Washington State Liquor and Cannabis Board adopted final rules for packaging and labeling. Licensees have until July 1, 2020 to bring all product packaging and labeling into compliance and retailers have until January 1, 2021 to phase out all non-compliant products.
Wisconsin Senate Majority Leader Scott Fitzgerald continued to be a vocal opponent of medical cannabis legalization despite Republican support for multiple bills.
HEMP / CBD
The U.S. Department of Agriculture extended the deadline to submit public comments on its interim final rule for hemp production and processing to January 29. Senate Minority Leader Chuck Schumer (D-NY) noted that the tremendous potential and excitement about the hemp industry could "go away if these rules are done in too narrow and restrictive a way" and "people believe the [THC] level they set is way too low." A number of regulators, lawmakers and industry participants have sought changes and more time. Congressional delegations from Virginia and Maine sent multiple letters voicing concerns about THC testing procedures and limits.
The USDA also approved a hemp program in Louisiana - making it the first state to get federal approval of a state industrial hemp plan. The state is beginning to accept industrial hemp applications for growers, processors, seed producers and contract carriers. The USDA also approved hemp programs in New Jersey, Ohio and for three Native American tribes.
The Environmental Protection Agency has approved 10 pesticides for hemp cultivation.
Iowa Attorney General Tom Miller issued a reminder that CBD products remain illegal in the state, with the limited exception of FDA-approved medications and products sold through Iowa's medical CBD program.
Argentina Minister of National Security Sabina Frederic noted the need to move towards the legalization of cannabis, citing the high cost of prosecuting cannabis related offenses.
Canada will start to test the emissions of vape products. Vapes will go on sale in certain provinces this week as part of the federal rollout of second-wave cannabis products, often referred to as Cannabis 2.0. Quebec and Newfoundland have imposed a complete prohibition on the sale of cannabis vapes, Nova Scotia has banned vapes with flavoring additives, and British Columbia has placed a 20 percent tax on vaping products. Vaporizer and edible products from about 15 brands and 12 licensed cultivators are expected to be available in Ontario dispensaries this week. Supply is expected to sell out in the first week, but products will gradually be added to the initial selection.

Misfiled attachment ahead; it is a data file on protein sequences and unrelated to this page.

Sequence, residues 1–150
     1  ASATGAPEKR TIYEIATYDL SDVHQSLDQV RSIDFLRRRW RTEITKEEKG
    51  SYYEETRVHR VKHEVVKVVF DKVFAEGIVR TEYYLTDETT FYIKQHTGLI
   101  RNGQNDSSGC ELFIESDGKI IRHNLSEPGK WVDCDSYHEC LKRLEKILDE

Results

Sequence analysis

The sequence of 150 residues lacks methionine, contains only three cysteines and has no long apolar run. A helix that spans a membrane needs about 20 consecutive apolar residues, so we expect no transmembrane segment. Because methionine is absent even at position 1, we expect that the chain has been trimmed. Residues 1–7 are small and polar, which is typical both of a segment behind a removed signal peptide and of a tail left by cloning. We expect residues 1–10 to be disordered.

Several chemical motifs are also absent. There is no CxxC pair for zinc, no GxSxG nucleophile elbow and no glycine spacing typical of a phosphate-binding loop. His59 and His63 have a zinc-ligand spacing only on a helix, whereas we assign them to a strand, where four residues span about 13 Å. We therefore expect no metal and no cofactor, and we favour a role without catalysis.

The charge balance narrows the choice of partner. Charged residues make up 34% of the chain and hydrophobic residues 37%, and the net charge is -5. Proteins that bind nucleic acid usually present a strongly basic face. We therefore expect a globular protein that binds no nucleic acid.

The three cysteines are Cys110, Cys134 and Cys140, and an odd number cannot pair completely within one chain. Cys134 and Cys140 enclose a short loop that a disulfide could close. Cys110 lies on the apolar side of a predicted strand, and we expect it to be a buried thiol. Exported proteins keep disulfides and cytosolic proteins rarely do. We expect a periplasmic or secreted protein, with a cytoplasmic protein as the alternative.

Quebec has increased the legal age for adult-use cannabis to 21 from 18, making it the Province with the strictest age rules in Canada. The Province's health ministry cited concerns about protecting developing minds of young adults from cannabis, while opponents of the move raised concerns about safe access, especially as nearly 50 percent of Quebecers had tried cannabis before the age of 17 before it was legalized.
Italy's Supreme Court, the Court of Cassation, has ruled that small-scale domestic cultivation of cannabis for the exclusive use of the grower is legal.
A Russian court rejected an appeal of a seven-year prison sentence imposed on an Israeli-American woman who has already been detained for nine months after 9.5 grams of cannabis was found in her checked suitcase during a stopover between India to Israel.
Akerna announced its acquisition of Ample Organics, a popular seed-to-sale tracking platform in Canada, and the hiring of John Fowle as its new chief financial officer. Fowle previously served as CFO for a SaaS and business services company.